My First Week Living in Student Halls (Postgrad Edition)

Michael J. Vowles
8 min readNov 25, 2021

When I didn’t get either of my preferences for student accommodation, I decided not to worry about it. So long as I had a place to sleep near campus, I didn’t care what that place looked like. My thinking was that if I spent energy trying to micromanage my living situation to make it as comfortable as possible, that would already be giving in to an anxious mindset. Whenever I worried about what my life in halls would be like, I told myself that trying to control the uncontrollable was a fool’s game. I told myself that whatever my living arrangement looked like, I would deal with it. In general, I’m trying to be more comfortable with the unknown. I think if I can learn to embrace uncertainty, I’ll be happier.

It’s an ongoing process. I’m trying to get into the habit of not imagining too hard what the future will look like. I know from past experience that my imagination has no fucking idea what it’s on about. Usually, it can only conceive of extremes- things going either unrealistically perfect or comically terrible. But real life is rarely so polarized. I always come back to the example of my student exchange at the University of Wisconsin- Eau Claire in the United States; it’s far and away the best decision I ever made, but it wasn’t an unmitigated success. I still had moments of weakness, doubt, and sadness. Everything that happened there- both good and bad- was completely unexpected. So with that in mind, I prepared for my time in halls at Kingston University by expecting the unexpected. I had a strong conviction that the desire to control comes from an anxious mindset, and I wanted to foster a confident mindset.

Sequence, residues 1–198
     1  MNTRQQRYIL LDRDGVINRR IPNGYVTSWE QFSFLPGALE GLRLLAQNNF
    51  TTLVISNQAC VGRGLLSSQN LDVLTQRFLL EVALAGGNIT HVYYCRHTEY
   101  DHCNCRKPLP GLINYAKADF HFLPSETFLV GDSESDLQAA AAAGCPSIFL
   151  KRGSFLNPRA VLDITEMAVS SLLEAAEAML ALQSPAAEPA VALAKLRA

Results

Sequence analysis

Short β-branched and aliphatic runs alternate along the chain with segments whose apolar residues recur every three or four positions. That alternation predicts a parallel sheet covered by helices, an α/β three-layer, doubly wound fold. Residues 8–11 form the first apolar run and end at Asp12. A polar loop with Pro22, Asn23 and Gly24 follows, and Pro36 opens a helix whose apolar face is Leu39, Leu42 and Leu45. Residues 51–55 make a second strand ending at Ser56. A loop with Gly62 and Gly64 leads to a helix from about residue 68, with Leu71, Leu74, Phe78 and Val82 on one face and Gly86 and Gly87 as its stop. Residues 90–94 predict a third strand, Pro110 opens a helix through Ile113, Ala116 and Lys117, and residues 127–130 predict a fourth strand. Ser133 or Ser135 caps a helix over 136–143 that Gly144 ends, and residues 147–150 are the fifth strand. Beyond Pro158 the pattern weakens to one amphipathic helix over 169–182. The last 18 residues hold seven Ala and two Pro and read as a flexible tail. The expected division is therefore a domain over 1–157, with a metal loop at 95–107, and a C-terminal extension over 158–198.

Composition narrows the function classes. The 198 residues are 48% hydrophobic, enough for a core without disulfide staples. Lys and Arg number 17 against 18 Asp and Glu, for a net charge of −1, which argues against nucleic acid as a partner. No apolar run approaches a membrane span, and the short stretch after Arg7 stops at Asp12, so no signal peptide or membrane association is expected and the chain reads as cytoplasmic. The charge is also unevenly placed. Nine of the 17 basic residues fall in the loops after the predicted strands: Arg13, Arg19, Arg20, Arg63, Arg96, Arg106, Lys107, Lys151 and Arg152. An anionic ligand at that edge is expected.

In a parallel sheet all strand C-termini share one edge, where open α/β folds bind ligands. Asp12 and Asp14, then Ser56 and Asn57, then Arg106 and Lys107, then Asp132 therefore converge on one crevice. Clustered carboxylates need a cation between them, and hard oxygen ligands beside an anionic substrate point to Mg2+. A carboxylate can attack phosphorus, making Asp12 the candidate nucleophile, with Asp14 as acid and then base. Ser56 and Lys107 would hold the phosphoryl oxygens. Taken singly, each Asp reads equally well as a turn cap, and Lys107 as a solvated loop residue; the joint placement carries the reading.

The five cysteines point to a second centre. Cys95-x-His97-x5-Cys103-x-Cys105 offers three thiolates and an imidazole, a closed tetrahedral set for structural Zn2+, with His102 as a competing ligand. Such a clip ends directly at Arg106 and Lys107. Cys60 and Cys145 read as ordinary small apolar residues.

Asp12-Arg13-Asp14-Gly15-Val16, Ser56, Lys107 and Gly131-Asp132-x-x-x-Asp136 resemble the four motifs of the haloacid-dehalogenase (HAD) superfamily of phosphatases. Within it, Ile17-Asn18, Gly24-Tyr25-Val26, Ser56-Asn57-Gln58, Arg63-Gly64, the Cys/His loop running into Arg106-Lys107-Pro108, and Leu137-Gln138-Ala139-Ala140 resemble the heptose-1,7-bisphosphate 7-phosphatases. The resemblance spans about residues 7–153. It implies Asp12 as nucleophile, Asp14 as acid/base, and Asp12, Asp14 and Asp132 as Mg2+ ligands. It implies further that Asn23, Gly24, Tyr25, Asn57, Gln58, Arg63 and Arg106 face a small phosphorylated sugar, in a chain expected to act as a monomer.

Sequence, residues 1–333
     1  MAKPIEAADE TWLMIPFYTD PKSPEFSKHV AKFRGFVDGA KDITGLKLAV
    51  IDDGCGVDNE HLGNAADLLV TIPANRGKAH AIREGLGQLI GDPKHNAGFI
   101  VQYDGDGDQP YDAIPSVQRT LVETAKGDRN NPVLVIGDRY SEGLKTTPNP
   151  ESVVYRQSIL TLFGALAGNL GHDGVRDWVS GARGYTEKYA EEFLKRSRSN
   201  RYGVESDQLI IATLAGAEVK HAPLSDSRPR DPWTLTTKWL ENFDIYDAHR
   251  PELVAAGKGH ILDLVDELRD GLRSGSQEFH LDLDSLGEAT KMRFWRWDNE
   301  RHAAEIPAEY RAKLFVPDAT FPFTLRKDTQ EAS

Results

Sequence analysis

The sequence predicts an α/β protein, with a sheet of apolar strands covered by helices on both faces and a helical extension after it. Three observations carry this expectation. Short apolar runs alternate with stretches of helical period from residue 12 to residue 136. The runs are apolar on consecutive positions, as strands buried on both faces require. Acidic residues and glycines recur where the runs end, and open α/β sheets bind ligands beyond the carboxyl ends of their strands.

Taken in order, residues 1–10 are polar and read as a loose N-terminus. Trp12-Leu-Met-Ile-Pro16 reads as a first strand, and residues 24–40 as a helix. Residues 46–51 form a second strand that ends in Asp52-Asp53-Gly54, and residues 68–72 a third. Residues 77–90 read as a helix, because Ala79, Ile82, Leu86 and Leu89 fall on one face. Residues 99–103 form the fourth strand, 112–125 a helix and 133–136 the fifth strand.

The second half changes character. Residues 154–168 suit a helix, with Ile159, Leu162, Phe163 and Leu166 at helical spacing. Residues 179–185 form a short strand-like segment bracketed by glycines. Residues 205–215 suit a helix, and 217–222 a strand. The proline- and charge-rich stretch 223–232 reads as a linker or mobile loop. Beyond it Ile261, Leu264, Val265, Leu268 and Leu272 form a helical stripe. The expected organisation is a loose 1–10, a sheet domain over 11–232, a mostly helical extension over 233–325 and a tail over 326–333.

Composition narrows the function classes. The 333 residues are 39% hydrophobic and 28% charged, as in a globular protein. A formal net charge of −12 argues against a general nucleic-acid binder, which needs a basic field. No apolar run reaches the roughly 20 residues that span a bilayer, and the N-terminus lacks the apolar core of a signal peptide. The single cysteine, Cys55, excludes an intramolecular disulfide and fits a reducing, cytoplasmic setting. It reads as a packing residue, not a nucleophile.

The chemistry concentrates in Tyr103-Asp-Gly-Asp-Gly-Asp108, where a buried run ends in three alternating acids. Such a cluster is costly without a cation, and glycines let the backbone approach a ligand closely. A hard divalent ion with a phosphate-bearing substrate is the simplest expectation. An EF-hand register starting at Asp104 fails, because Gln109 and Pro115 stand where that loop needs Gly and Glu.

Confidence to me involves being loose, flexible, spontaneous. But true confidence- healthy confidence- involves striking a balance between that kind of openness and being authentic to oneself. I thought about how I feel whenever I say “yes” or “no” to something, whether it’s communicated verbally or simply implicit in my actions. Sometimes yes can feel empowering, and sometimes it can feel disenfranchising. It’s the same with no. For example, saying “yes” feels like an act of courage when you’re confronting yourself, but it feels like an act of weakness when you’re confronting others. And vice versa: no reinforces our worst self-images in the context of confronting an opportunity to test our…

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Michael J. Vowles

Freelance writer, occasional traveler, full-time ice cream taster. I run a blog at https://tumbleweedwrites.com where I ramble with enthusiasm.